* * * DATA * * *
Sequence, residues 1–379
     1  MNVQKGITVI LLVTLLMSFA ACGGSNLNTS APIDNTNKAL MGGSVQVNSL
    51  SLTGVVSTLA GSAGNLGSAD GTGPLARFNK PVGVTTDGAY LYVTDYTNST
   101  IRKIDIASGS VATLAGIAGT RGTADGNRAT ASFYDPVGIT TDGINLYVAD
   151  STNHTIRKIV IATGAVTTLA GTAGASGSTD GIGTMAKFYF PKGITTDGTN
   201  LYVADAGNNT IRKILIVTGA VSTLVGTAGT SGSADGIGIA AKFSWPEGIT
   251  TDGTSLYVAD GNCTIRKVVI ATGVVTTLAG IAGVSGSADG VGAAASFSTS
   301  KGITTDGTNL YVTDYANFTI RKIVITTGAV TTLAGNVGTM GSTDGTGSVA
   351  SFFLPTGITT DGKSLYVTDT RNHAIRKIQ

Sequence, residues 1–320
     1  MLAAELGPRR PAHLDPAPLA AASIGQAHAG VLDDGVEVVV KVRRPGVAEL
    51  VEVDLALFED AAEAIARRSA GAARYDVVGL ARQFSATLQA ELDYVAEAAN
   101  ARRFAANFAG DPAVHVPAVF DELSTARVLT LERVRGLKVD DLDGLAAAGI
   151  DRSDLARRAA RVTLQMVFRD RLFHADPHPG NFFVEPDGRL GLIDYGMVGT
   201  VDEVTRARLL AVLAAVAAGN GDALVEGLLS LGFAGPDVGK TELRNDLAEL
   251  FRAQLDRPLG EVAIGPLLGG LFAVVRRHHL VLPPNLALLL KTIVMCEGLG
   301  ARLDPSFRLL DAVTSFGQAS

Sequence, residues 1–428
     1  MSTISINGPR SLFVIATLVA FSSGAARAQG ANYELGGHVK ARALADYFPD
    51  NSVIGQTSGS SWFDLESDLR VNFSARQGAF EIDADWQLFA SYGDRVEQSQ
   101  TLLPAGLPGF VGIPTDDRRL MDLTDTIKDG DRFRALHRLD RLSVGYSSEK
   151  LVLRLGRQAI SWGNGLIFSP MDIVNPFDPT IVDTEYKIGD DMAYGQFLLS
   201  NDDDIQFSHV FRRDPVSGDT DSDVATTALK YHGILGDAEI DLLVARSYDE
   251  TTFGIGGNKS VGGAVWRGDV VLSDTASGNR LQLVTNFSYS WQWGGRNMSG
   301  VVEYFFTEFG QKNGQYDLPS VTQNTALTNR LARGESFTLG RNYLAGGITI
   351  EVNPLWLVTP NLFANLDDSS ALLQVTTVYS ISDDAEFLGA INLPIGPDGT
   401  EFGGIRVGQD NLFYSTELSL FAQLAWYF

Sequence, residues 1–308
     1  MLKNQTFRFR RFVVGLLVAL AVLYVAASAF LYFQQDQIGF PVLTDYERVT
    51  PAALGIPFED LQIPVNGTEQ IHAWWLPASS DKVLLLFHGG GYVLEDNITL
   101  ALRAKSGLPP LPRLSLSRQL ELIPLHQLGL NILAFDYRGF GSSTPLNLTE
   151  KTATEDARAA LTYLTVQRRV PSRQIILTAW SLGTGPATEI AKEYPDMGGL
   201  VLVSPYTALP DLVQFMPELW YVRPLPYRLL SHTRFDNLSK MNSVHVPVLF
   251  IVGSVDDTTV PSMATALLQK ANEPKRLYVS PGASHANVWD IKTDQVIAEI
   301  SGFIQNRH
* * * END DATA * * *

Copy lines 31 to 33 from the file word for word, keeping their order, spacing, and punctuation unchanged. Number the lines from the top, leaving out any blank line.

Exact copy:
   101  ALRAKSGLPP LPRLSLSRQL ELIPLHQLGL NILAFDYRGF GSSTPLNLTE
   151  KTATEDARAA LTYLTVQRRV PSRQIILTAW SLGTGPATEI AKEYPDMGGL
   201  VLVSPYTALP DLVQFMPELW YVRPLPYRLL SHTRFDNLSK MNSVHVPVLF